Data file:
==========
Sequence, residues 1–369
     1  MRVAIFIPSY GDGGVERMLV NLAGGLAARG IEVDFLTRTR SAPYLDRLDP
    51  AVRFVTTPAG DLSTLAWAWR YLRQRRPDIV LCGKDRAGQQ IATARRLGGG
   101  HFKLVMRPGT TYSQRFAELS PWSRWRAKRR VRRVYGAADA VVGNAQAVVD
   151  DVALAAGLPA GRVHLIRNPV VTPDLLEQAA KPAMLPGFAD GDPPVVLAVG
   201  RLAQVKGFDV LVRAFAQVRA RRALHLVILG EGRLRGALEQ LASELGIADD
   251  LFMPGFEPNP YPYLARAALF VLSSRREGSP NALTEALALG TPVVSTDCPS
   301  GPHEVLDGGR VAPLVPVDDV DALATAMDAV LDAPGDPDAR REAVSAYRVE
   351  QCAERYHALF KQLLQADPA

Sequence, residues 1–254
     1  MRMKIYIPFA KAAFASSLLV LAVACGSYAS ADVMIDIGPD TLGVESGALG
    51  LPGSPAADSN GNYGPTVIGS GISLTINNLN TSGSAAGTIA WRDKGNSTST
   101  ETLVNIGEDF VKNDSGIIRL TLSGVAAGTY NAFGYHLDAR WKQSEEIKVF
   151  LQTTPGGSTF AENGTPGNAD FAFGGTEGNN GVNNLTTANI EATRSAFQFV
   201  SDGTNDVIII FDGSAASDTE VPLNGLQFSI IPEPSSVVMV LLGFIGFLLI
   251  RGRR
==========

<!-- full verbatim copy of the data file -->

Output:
Sequence, residues 1–369
     1  MRVAIFIPSY GDGGVERMLV NLAGGLAARG IEVDFLTRTR SAPYLDRLDP
    51  AVRFVTTPAG DLSTLAWAWR YLRQRRPDIV LCGKDRAGQQ IATARRLGGG
   101  HFKLVMRPGT TYSQRFAELS PWSRWRAKRR VRRVYGAADA VVGNAQAVVD
   151  DVALAAGLPA GRVHLIRNPV VTPDLLEQAA KPAMLPGFAD GDPPVVLAVG
   201  RLAQVKGFDV LVRAFAQVRA RRALHLVILG EGRLRGALEQ LASELGIADD
   251  LFMPGFEPNP YPYLARAALF VLSSRREGSP NALTEALALG TPVVSTDCPS
   301  GPHEVLDGGR VAPLVPVDDV DALATAMDAV LDAPGDPDAR REAVSAYRVE
   351  QCAERYHALF KQLLQADPA

Sequence, residues 1–254
     1  MRMKIYIPFA KAAFASSLLV LAVACGSYAS ADVMIDIGPD TLGVESGALG
    51  LPGSPAADSN GNYGPTVIGS GISLTINNLN TSGSAAGTIA WRDKGNSTST
   101  ETLVNIGEDF VKNDSGIIRL TLSGVAAGTY NAFGYHLDAR WKQSEEIKVF
   151  LQTTPGGSTF AENGTPGNAD FAFGGTEGNN GVNNLTTANI EATRSAFQFV
   201  SDGTNDVIII FDGSAASDTE VPLNGLQFSI IPEPSSVVMV LLGFIGFLLI
   251  RGRR